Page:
The church understandably wants to sustain a healthy and holy sobriety on this ancient Christian day that marks Jesus’ journey toward the cross. But Christians should think twice about separating a celebration of romance from the solemnity of Ash Wednesday, an occasion focused on mortality. This “Ash Wednesday Valentine’s Day” gives us an opportunity to reconsider what love is and what love is not.
For a Christian, the rock band Boston got it right in 1976: Love is “more than a feeling.” We doubt the authenticity of the Kay Jewelers, empty-shelled love that marks the bourgeois celebration of modern-day Valentine’s Day. Christian love is less about feeling and more about action. It’s gritty. It’s messy. It hurts. In fact, we distrust a love that doesn’t suffer and costs nothing. Paul puts this reality simply in his letter to the Corinthians. He tells us that a love only spoken, but not acted upon, is as worthless as a “clashing cymbal,” while a love that’s performed in deed “always perseveres.”
In short, Ash Wednesday and the beginning of Lent is the ideal antidote to Valentine’s Day exuberance. The very first act of Lent reveals this reality. By receiving and wearing the ashes formed into a sign of the cross on their foreheads, Christians are making the bold claim that we believe in a love that loves so deeply that it is willing to suffer and even die for another.
The story of the feast’s patron Saint Valentine of Rome might shed some light. In recent decades, the Catholic Church has acknowledged that Valentine and the legends surrounding him were historical fiction. But in each of these hagiographies of the Roman priest, Valentine is killed for his love of the poor, his love of Jesus Christ and his love of God. And strangely enough, though this man and his legends are myths, his “example” of giving up his life for another human person has become a cornerstone for this festival of love.
The early Christian community co-opted the Greek word “agape” to describe Jesus’ love for the human race. Agape is a love that is so deep that it’s willing to sacrifice everything for the sake of another. It’s the claim of Christianity and its gospel in a nutshell.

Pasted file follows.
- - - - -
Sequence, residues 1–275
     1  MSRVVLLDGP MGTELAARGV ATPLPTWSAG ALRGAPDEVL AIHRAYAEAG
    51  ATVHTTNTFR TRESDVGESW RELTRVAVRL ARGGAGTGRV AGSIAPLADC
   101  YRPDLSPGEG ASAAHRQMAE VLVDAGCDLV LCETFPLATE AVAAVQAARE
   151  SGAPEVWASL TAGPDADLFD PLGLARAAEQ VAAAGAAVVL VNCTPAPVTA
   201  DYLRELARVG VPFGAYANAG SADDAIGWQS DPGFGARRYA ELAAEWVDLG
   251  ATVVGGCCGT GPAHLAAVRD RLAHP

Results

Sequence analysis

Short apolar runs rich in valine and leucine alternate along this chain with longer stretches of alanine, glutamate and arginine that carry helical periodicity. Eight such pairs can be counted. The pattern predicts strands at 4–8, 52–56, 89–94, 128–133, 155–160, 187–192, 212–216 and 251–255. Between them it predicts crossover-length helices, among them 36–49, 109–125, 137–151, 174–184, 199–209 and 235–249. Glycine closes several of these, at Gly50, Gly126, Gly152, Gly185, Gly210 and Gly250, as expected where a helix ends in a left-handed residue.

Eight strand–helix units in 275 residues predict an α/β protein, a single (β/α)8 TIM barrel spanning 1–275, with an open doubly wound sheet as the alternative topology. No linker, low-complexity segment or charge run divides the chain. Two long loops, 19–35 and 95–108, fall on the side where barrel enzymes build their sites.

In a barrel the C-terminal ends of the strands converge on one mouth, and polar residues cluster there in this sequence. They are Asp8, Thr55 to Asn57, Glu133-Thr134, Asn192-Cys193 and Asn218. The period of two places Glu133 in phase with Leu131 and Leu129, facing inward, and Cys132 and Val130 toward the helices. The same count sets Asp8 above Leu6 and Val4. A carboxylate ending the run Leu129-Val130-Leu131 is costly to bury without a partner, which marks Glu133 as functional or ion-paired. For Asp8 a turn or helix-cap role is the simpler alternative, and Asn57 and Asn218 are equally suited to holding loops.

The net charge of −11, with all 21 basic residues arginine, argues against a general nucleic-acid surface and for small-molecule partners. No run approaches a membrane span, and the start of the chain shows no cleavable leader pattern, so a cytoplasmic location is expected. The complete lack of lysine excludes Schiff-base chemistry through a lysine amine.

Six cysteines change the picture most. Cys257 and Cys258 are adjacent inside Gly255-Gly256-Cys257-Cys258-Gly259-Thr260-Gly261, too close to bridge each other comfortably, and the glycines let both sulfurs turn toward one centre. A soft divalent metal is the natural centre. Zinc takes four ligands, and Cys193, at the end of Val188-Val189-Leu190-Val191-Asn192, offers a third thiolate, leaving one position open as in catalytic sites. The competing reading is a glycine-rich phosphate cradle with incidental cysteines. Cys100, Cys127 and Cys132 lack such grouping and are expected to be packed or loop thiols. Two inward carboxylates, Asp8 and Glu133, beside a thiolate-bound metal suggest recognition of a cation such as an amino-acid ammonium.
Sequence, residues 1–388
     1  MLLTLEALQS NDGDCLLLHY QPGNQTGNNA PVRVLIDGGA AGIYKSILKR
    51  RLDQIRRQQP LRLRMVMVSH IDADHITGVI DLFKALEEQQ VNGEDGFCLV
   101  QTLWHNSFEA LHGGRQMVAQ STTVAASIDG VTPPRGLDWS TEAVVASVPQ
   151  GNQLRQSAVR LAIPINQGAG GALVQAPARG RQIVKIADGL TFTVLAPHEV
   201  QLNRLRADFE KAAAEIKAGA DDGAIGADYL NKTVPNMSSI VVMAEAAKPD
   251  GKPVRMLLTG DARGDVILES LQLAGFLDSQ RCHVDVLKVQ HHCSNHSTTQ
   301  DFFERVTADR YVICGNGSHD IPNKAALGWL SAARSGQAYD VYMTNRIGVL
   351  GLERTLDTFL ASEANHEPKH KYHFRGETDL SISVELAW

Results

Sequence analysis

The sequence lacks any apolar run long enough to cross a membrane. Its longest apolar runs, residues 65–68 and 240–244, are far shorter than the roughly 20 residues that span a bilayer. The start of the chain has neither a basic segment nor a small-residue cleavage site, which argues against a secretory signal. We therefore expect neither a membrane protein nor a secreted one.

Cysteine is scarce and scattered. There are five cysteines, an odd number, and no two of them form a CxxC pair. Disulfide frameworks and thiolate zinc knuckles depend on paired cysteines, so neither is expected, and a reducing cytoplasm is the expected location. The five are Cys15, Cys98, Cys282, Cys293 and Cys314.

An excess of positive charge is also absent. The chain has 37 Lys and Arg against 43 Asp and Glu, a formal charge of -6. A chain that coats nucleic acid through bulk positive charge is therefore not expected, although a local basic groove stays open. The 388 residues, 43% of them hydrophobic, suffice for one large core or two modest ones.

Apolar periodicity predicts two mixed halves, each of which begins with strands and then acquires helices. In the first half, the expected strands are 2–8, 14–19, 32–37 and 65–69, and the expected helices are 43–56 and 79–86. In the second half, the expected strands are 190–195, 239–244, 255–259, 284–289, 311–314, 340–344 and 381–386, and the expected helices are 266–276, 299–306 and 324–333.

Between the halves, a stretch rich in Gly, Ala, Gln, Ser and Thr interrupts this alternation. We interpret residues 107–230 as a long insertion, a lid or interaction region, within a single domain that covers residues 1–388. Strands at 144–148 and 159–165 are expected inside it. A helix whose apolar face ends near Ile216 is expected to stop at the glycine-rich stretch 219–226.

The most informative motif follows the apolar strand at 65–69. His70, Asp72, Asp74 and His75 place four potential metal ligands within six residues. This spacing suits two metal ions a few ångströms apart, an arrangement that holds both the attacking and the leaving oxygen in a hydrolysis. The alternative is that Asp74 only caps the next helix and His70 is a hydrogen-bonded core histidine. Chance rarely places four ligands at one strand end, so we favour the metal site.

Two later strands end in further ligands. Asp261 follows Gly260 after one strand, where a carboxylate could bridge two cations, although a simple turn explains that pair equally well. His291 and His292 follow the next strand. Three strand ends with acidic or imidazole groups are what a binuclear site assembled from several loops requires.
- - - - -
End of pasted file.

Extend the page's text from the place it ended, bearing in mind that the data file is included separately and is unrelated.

Today such a grand idea seems out of place amid what Father Adolfo Nicolas, the former head of the Jesuits (the pope’s religious order) termed the globalization of superficiality — an emerging era marked by extreme anomie and the deterioration of human relationships through technological advancement and materialism. As Francis reminds us, authentic love challenges us “to run the risk of a face-to-face encounter with others, with their physical presence which challenges us, with their pain and their pleas, with their joy which infects us in our close and continuous interaction.”
But that reality is difficult today. When we can block out the ugly sounds of the world with our earphones, our perceptions remain shallow. When we can skim and scroll through our news, we do not have to internalize the suffering of others and, in turn, prevent ourselves from suffering under the unbearable brokenness of our world. When we can “friend” mere acquaintances or total strangers on social media and then — if necessary — “unfriend” real friends without the hard work of encounter, confrontation and reconciliation, then our relationships become superficial, artificial and incomplete.
But whether we see it, agape is still alive. It is alive in anyone who has suffered intense loss and kept moving, who has made the decision to love another with no promise of a reward, who has doubted the existence of God and yet prayed anyway and who has endured suffering for the sake of someone else and found great strength in doing so.
Ash Wednesday and the subsequent Lenten season, then, is a time to learn how to love again. This can go beyond creed or faith. It is an invitation to everyone who wants to find the fullest measure of living. Now is a good time to ask ourselves what we can give up this season to enrich our sense and practice of agape. In doing so, we can find a new experience of love that can make us whole and can set us free.
CORRECTION: An earlier version of this article incorrectly attributed some language about St. Valentine to Pope Francis.